• No peers to talk to, only Silk Road forum members and admins

After the altoid persona is retired from BitcoinTalk, Ulbricht migrates his social interaction to a more extreme community: the Silk Road forums. This appears to have been his “scene”, where he interacted with people and cultivated friends (including an impressive array of undercover law enforcement officials).

The underground life forced on Ulbricht as the Dread Pirate Roberts led to the major problem of isolation. Human beings are social animals. We require social interaction to maintain a healthy mental state. The strict security of DPR required isolation, leaving Ross Ulbricht living his social life on forums with niche ideological views, initially BitcointTalk (in 2011) and then the Silk Road forums. Isolation from mainstream society is known to lead to ideological extremism as members of the niche community self-reinforce their ideological tendencies. Consequently, they are less able to understand mainstream society’s ideas, beliefs and morals. This is dangerous. This isolation leads him to rationalize hiring online hitmen to preserve the Silk Road community is morally acceptable.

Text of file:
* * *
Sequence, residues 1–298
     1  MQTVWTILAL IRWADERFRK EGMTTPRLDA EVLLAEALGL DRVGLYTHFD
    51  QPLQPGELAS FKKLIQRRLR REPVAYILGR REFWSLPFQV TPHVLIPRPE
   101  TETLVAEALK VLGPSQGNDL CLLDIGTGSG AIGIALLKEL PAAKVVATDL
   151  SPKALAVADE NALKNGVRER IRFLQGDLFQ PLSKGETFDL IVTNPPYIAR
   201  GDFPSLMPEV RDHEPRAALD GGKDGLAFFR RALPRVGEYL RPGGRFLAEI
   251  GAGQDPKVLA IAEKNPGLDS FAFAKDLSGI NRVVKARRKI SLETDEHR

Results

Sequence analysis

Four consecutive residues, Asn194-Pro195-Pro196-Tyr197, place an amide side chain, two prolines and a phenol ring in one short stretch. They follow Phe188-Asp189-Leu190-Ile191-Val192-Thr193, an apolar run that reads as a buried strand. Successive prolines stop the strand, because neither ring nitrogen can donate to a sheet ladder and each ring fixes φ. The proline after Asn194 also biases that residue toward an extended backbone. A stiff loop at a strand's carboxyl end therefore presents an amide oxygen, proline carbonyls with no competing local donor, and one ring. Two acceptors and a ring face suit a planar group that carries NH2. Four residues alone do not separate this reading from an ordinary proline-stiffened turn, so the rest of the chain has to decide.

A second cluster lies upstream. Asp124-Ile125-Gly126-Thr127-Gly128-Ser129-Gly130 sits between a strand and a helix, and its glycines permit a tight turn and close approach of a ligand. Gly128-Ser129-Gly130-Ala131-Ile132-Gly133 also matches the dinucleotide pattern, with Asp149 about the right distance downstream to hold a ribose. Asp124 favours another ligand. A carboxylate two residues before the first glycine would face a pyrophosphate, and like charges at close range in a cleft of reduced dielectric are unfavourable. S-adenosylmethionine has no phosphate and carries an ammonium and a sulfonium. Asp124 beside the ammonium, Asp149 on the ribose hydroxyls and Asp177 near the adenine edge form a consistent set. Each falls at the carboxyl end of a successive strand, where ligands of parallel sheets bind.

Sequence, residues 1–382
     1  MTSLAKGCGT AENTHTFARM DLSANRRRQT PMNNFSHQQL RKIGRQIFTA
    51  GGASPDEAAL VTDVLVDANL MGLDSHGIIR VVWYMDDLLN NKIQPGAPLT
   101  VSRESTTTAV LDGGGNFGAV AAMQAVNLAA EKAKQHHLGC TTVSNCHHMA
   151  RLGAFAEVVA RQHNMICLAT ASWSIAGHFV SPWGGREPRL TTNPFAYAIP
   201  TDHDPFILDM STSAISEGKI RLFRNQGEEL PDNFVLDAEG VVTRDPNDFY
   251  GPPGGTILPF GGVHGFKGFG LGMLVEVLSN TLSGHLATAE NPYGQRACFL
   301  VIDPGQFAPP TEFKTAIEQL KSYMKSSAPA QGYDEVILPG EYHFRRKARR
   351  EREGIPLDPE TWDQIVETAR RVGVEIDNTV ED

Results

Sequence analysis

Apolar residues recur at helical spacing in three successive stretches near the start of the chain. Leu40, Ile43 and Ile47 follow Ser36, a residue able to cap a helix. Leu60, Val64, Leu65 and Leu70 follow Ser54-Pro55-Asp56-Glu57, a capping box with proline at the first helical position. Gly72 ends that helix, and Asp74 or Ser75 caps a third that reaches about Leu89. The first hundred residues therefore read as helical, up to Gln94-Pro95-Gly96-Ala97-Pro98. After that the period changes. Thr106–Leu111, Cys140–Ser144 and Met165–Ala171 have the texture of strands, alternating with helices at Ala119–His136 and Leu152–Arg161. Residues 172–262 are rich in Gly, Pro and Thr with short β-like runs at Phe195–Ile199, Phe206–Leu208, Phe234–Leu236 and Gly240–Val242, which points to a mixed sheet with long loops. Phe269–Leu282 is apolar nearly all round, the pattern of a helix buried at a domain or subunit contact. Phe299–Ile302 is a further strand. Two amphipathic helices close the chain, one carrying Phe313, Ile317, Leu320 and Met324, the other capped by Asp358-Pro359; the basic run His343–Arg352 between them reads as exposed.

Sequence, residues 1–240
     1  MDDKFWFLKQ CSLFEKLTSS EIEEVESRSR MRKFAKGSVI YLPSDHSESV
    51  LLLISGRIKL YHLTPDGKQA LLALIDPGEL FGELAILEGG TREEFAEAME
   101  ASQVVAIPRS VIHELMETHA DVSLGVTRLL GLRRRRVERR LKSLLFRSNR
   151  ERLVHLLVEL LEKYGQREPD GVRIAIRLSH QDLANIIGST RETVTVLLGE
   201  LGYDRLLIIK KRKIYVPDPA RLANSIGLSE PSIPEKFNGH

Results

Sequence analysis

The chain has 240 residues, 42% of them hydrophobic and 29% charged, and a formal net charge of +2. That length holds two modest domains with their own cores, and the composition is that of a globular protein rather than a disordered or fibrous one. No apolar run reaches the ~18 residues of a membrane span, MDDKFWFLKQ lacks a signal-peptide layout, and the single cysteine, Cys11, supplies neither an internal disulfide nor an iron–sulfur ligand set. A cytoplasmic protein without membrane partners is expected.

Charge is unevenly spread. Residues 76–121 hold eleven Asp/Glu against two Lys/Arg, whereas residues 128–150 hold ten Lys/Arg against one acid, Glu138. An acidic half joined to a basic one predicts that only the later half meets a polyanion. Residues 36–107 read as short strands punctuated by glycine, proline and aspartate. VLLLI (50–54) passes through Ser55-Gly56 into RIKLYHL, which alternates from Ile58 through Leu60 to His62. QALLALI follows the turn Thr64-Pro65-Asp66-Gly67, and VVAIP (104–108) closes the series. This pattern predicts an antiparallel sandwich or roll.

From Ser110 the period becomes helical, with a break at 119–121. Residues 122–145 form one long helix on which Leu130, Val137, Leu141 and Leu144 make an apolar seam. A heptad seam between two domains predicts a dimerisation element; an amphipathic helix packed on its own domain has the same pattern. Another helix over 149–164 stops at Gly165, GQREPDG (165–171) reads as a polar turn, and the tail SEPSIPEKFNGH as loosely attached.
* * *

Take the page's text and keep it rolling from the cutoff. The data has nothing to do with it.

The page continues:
Apparently the only source of social validation and ego gratification that Ross had was a group of bitcoin libertarians, drug seekers, drug dealers and undercover cops. This is not a healthy social environment conducive to a balanced state of mental health.

What have we learned?

So, the Dread Pirate Roberts Complaint basically tells us nothing that we didn’t already know about OPSEC. There are some lessons learned which can be used to harden OPSEC practices going forward. The main things are still: strong compartmentation; use Tor all the time; avoid leaking profiling information, and it is prudent to regularly migrate to new cover personas.